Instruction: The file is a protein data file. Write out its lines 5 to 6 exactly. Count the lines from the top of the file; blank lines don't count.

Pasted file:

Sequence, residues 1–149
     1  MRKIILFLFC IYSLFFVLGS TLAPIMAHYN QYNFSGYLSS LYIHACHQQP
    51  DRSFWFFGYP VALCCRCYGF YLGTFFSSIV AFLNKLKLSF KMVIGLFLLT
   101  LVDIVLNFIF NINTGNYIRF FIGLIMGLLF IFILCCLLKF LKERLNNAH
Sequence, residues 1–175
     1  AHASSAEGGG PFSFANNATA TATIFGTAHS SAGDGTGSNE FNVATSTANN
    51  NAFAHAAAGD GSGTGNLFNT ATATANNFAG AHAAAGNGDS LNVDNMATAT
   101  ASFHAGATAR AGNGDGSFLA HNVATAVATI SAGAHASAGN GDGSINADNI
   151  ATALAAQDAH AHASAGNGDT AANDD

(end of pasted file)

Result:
Sequence, residues 1–175
     1  AHASSAEGGG PFSFANNATA TATIFGTAHS SAGDGTGSNE FNVATSTANN